Goodbye, NAFTA. Hello, USMCA.
Four years ago, Donald Trump promised to replace the "worst deal ever made" — known to the rest of us simply as NAFTA, the massive 1994 trade pact linking the US, Canada, and Mexico.
Now, he's officially done so. The new United States-Mexico-Canada Agreement (USMCA), which replaces NAFTA, comes into effect on July 1st.
How did we get here, and what does it mean?
Let's look back. NAFTA had a checkered history. On the one hand, it successfully integrated two of the world's most advanced economies (the US and Canada) with a developing one (Mexico), while boosting cross-border trade from $289.3 billion in 1993 to $623.1 billion in 2003, and lowering prices for most North American-made goods and services.
On the other hand, it resulted in net job losses and lower wages for many US factory workers. Coupled with the jobs that fled to China several years later, NAFTA came to be seen as part of the perfect storm of forces that clobbered American workers at the turn of the century.
Still, NAFTA was relatively popular in the US until less than a decade ago, when the economic wreckage of the financial crisis prompted more Americans to question the benefits of free trade in general, and NAFTA in particular. President Trump capitalized on that popular sentiment, pledging on the campaign trail to scrap NAFTA and replace it with something better. American views on free trade have improved dramatically since 2016, but the US is still deeply polarized on NAFTA.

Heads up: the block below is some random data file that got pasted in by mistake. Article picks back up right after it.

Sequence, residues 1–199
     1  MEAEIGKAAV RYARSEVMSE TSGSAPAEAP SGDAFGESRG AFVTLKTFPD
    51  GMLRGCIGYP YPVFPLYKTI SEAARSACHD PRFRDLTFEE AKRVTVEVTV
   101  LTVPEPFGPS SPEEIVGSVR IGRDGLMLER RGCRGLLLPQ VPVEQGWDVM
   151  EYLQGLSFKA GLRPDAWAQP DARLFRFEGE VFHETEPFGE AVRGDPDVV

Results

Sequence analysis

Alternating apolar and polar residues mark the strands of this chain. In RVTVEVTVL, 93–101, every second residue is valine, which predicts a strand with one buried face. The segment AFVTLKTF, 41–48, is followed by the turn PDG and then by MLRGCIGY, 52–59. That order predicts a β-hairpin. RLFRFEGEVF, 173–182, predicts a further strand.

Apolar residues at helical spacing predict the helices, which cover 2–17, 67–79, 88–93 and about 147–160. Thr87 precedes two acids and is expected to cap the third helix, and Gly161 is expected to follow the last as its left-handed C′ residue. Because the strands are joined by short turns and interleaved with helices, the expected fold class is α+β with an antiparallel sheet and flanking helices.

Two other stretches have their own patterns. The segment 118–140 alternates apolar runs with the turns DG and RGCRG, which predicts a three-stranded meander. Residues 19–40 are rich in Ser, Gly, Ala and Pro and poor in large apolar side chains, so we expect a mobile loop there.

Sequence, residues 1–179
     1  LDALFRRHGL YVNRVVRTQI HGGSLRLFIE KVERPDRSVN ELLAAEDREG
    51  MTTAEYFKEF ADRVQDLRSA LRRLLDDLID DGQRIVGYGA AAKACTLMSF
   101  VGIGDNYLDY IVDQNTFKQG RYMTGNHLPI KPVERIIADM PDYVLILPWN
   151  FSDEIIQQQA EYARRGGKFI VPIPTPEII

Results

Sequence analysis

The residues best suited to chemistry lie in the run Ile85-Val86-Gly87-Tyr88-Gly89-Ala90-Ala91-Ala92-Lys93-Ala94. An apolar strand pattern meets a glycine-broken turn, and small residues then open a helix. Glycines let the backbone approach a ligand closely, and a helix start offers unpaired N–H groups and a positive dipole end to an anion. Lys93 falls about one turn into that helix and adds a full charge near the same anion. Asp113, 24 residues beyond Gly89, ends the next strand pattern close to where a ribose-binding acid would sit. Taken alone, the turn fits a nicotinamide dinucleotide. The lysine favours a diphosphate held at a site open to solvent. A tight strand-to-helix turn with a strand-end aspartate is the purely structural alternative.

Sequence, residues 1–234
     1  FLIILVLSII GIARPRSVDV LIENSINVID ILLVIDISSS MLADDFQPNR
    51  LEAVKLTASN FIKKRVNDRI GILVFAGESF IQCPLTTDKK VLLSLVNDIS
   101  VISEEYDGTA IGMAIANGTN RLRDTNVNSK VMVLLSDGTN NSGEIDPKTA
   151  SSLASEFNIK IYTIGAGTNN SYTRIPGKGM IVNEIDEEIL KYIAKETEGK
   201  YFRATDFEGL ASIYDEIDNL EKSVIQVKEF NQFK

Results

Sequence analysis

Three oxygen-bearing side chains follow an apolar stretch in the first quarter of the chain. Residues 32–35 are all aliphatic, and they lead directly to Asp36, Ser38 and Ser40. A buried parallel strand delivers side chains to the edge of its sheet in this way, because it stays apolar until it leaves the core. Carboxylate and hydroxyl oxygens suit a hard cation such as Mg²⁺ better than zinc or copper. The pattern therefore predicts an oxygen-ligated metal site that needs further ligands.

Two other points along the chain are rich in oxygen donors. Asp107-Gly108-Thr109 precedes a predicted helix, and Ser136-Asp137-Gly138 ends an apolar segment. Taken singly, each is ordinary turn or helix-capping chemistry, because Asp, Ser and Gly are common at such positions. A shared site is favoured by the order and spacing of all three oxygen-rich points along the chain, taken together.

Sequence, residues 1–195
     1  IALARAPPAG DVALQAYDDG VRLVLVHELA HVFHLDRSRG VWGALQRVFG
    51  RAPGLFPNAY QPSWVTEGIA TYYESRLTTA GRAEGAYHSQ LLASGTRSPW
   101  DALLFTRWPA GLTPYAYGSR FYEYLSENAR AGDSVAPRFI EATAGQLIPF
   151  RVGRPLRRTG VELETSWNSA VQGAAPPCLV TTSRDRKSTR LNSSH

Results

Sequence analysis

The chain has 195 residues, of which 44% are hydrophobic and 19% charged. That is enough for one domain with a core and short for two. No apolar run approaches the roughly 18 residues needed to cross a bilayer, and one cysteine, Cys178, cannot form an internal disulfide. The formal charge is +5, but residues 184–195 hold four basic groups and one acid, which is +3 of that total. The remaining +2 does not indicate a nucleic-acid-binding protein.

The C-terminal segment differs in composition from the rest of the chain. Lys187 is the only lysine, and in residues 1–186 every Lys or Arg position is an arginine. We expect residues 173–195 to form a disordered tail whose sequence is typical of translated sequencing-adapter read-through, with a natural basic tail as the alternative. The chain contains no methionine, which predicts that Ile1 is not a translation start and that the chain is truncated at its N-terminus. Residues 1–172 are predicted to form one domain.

So, is the UMSCA really a better deal? It depends on whom you ask. Here's the biggest issue that was on the table for each of the pact's three signatories and how it played out:
United States. Labor unions in particular are happy that the new trade deal raises minimum wages for workers who make goods covered by the deal. The US auto industry, for example, lobbied for USMCA to mandate that more of each vehicle be made by workers earning at least $16 per hour, in order to undermine the ability of lower-wage Mexican factories to take jobs from American workers.
On the other hand, vehicles made in North America will likely become more expensive for US consumers, as the new trade deal requires more of each automobile to be assembled from parts made in the US, Canada or Mexico — rather than in lower-cost Asian countries.
Mexico. Under the USMCA, Mexican workers will be less likely to get jobs outsourced from the US and Canada. But those who do find work will be entitled to better labor standards, including the right to unionize and to have their complaints investigated by UMSCA panels.
Canada. Canada won one big thing: the USMCA retains NAFTA's trade dispute settlement mechanisms, meaning that trade disputes with US companies will be settled by a multilateral panel rather than in a US court (as the Trump administration wanted). But the Canadian dairy industry, for one, is not happy about having to open the local market to US competition. No use crying over spilled milk now, though.
And what about Trump? Upon first glance, following through on a campaign promise to revisit a major trade deal is a big political win for the US president, who views trade as a zero-sum game and believes tariffs are the best way to resolve most trade disputes. It also reduces the pressure on Trump to move beyond his "phase one" deal with China — his main trade war opponent — before the November election.
However, a closer look reveals that the USMCA is more of a facelift than a complete do-over of NAFTA. Republican Senator Chuck Grassley once referred to the UMSCA as about 95 percent the same as NAFTA. And in the end Trump didn't get many items on his wish list, such as removing Canadian subsidies on lumber exports or scrapping Mexico's value-added tax on US imports.
Indeed, the UMSCA is often called NAFTA 2.0. The question now is, will we have to wait another 26 years for the next update?